ANCHORAGE, Alaska – Stories from the Bible have been translated into dozens of languages from around the world and printed on everything from quilt squares to microfilm, but a retired United Methodist pastor in Alaska has brought the Christmas story to life in a 12-foot cedar totem pole.
The Rev. David Fison said the inspiration for the Tsimshian Indian-style totem came during Advent in 1961, while he was serving as a pastor in Ketchikan, Alaska and later as an interim pastor for the Tsimshian in Metlakatla.
“The thought came to me during Advent that a totem pole must tell the Christmas story,” Fison said.
“When I came to do the pole, I did the research in (the Tsimshian) culture for it,” Fison said. “The images we have of the Christmas story wouldn’t fit into their culture, so I found the nearest equivalents of the things in the story.”
During the next 26 years, Fison’s vision evolved as he researched native culture at the University of Alaska and began translating the Christmas story into an oil painting of a totem pole using native symbols. A 28-inch, scale-model wood carving followed.
Carving the final 12-foot pole of yellow cedar took about two years of spare time, Fison said.
The completed pole stands anchored to the spiral staircase in the center of the geodesic dome house he and his wife, Aleen, built for themselves in Anchorage.
Early Christian missionaries to the Pacific Northwest viewed totem poles as pagan idols and encouraged new converts to abandon their symbolism, Fison said.
“The old way was, ‘you have to give up your traditional ways and be like us.'”
But “totem poles were never idols,” Fison said. Indians of the Pacific Northwest have a rich tradition of oral histories. “In the absence of a written language, the Indians of the Northwest had preserved their stories and events carved from cedar logs. They were the nearest thing people had to books.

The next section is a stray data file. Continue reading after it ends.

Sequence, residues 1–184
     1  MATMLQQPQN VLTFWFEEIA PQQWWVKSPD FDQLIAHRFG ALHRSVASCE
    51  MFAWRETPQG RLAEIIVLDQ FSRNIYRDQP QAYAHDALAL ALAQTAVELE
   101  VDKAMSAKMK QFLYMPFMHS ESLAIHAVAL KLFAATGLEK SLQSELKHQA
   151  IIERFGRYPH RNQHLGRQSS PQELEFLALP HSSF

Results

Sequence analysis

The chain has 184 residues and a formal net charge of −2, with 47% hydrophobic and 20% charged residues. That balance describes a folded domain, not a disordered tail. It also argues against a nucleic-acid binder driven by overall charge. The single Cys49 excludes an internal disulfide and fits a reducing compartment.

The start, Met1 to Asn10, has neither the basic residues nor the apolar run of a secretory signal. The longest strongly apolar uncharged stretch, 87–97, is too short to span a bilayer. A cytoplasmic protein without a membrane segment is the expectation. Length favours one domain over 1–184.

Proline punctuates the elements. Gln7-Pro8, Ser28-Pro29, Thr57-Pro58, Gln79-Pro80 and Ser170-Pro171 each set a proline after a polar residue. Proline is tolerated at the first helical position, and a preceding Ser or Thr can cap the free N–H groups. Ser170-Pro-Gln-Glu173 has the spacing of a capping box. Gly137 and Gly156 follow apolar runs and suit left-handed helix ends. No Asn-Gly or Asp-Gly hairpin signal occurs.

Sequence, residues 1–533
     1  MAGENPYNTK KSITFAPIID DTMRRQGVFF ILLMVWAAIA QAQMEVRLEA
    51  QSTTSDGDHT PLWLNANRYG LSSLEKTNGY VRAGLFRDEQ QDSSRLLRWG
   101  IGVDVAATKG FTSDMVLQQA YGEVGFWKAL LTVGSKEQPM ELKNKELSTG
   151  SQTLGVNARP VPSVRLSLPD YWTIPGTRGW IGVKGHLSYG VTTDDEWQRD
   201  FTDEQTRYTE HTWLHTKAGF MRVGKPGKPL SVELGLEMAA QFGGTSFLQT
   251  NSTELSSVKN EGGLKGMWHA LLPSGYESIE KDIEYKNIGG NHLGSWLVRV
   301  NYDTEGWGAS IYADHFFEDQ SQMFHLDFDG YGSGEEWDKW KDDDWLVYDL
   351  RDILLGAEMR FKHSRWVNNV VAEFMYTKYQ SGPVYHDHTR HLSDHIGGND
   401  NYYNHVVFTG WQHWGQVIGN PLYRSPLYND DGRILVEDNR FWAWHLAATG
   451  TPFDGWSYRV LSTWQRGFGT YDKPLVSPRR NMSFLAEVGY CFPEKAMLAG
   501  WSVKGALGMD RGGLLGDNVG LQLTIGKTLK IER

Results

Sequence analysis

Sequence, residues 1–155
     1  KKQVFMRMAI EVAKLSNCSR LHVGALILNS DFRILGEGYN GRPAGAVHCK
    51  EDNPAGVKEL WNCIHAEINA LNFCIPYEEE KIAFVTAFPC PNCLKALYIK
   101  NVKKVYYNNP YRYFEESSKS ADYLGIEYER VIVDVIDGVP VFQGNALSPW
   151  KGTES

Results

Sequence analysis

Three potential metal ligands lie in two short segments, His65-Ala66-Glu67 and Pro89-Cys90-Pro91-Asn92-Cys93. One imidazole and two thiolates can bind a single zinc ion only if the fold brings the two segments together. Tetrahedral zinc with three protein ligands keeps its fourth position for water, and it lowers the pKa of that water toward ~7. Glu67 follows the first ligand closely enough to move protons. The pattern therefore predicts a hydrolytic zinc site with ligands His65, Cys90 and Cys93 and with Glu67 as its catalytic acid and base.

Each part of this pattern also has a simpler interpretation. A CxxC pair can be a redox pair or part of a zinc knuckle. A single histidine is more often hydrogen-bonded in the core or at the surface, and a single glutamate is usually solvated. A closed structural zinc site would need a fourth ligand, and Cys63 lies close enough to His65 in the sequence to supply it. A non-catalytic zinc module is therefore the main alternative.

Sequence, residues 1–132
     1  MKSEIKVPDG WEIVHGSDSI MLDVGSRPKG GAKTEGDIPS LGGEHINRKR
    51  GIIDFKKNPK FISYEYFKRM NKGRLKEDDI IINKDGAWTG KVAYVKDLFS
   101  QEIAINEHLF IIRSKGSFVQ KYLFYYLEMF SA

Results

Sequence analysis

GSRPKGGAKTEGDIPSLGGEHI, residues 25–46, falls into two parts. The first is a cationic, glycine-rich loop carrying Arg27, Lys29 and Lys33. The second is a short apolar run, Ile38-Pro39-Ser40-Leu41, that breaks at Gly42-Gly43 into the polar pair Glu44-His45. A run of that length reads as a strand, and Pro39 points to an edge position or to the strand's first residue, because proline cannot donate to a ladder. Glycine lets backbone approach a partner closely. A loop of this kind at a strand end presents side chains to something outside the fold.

“The characters on a totem pole provide an outline so that, after hearing the story, listeners can read the pole for themselves,” Fison said.
The angel Gabriel is portrayed as Raven, emissary of the Great Chief of the Heavens, the Tsimshian term for God, Fison explained. Raven, sitting atop the pole, carries the Star of Bethlehem in its beak.
Bear symbolizes the place of Jesus’ birth. “They had no domestic animals,” Fison said. “Jesus is born where the forest animals feed.”
Fison said he received the blessing of the late Tsimshian chief Walter Wesley after sharing the work with him.
Fison is currently at work on an Easter pole. The resurrection story is slowly emerging from a 17-foot cedar log in his garage.
“I worked for two months every day, drawing and redrawing,” he said.
Fison finished the model for the Easter pole in 1999 and expects the large pole to take about another year.
“I announced it. So now, I’ve either got to finish it or leave town,” he said.
Fison credits “the spiritual side of life” for his inspiration.
“I’ve found there are spiritual resources to help you do any worthy thing,” he said. “I think God’s that way. If we have something worthy we want to do, the resources will be provided.
“I tell young people, ‘There’s a book only you can write. Nobody else knows the story.’
“For everything worthwhile, somebody somewhere had a dream and somebody did it.”